In my last post, a reader commented on Christian board games. It made me think of the first time I saw a Christian “reskin” of a game: Bibleopoly.
 
Of course, it is like Monopoly but reworked to have a Christian theme. The theme doesn’t add anything to do the game. It doesn’t even present itself as “Christian” aside from the changes in terminology. It is a “reskin,” meaning the designer took the bones of Monopoly and put a different outfit on them.
 
Is there anything wrong with this? For me, I shout a resounding YES! There aren’t any overt moral implications. As Christians, however, we should hold ourselves to a higher standard. If we want a game with definite Christian themes, that is a great goal. Rather than re-skinning a game, we should make our own.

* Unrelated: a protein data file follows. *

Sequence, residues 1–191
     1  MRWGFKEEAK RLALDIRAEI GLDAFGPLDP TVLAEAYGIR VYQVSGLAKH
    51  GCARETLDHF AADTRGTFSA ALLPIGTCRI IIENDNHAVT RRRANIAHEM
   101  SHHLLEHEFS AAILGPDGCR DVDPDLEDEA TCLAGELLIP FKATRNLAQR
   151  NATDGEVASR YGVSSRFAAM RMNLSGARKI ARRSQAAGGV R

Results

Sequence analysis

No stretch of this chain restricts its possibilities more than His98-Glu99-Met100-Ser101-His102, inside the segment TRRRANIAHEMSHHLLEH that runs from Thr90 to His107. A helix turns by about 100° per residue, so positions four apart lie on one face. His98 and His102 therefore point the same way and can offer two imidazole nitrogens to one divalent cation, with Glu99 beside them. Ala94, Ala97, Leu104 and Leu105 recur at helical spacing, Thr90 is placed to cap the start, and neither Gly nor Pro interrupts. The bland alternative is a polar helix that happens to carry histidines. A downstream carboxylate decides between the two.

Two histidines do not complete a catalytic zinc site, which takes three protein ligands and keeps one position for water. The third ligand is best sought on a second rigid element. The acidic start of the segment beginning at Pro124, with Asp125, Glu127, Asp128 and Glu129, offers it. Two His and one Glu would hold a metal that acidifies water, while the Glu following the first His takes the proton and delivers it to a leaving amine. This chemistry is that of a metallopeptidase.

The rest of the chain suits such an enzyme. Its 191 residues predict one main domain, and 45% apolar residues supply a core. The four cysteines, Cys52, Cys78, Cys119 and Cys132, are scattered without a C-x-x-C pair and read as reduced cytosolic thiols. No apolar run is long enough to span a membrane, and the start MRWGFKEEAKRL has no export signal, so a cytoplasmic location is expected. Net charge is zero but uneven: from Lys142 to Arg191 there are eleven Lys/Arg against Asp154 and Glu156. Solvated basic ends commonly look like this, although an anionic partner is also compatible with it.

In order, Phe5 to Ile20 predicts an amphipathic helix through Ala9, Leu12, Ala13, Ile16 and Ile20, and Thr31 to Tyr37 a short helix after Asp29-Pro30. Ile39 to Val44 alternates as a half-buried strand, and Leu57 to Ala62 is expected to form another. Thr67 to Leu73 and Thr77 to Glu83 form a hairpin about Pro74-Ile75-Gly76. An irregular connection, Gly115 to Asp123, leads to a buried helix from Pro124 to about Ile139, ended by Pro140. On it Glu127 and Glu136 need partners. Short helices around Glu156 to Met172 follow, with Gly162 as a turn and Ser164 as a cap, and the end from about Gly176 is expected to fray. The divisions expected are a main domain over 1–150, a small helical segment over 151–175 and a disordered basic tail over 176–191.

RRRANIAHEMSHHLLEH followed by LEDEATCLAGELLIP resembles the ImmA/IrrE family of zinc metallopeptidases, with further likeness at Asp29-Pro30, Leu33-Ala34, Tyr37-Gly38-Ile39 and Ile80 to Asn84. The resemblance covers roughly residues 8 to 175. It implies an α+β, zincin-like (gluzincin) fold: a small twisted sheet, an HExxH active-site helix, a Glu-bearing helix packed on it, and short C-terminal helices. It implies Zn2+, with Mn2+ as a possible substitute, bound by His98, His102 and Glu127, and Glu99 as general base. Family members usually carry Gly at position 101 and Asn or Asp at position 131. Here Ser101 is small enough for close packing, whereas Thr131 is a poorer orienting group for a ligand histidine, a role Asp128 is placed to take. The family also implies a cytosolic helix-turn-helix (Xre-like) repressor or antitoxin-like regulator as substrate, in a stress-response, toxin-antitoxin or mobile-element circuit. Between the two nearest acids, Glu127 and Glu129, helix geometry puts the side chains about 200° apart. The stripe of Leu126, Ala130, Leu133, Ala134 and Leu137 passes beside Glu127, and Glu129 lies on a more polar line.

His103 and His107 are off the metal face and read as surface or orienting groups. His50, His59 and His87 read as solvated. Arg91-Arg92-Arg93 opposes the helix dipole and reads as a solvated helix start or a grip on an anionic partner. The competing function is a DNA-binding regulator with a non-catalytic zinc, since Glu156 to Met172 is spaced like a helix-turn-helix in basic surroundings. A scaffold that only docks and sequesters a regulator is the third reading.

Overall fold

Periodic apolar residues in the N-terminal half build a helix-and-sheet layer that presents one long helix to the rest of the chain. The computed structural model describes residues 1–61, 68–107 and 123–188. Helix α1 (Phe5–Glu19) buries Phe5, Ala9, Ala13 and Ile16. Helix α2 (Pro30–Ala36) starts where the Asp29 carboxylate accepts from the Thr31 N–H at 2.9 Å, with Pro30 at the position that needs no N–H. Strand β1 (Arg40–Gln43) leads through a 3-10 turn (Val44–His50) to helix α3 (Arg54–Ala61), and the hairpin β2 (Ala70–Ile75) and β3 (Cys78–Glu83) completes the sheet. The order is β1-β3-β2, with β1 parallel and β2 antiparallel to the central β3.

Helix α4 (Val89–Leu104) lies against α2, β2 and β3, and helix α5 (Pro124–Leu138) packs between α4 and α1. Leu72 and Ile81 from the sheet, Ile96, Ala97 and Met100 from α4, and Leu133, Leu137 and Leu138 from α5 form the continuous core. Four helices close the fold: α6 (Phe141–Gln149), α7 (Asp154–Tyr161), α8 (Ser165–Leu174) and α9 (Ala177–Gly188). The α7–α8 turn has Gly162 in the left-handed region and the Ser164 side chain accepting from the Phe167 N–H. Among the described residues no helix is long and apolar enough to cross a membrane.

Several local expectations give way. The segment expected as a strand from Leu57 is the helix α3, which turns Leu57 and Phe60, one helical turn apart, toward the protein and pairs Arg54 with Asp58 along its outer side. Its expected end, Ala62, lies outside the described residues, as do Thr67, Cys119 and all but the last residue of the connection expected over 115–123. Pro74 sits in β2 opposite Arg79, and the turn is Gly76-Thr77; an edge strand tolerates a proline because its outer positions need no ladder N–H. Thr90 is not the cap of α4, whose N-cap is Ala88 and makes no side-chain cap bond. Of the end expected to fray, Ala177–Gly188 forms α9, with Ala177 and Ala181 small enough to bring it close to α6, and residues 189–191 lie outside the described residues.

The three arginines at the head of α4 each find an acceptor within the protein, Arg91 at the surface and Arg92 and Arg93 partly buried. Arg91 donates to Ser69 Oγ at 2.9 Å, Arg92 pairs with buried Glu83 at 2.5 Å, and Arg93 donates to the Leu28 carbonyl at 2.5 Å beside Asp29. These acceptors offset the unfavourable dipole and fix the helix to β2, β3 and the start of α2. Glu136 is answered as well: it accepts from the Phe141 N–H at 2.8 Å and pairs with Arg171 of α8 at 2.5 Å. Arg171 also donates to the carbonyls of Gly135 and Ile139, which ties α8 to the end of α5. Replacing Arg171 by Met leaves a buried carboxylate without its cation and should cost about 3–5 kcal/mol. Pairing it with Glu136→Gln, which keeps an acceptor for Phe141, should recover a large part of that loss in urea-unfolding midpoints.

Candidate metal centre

Being a Christian game designer without designing “Christian” games is another idea. There are only a handful of themes that a Christian should distance themselves from. I know several Christian designers who have excelled at their craft and have designed games with many themes.
 
There is a broader idea at work here. There are similar questions with music, literature, and art. The Apostle Paul tells us that whatever we do, we should do it for the glory of God. In my view, using any of these creative outlets to create new works glorifies the one who is the first Creator.

Broader Scope Incoming

After an extended break, I’m ready to write again.

I thought a lot about my blog and it’s scope after the last month. I decided that while I love to write and talk about games, I also like to write and talk about other things. I saw this blog as a way to begin a discussion about family gaming and some of my own designs. Now, I see it as a way for me to reflect on my gaming experiences as well as other experiences I have.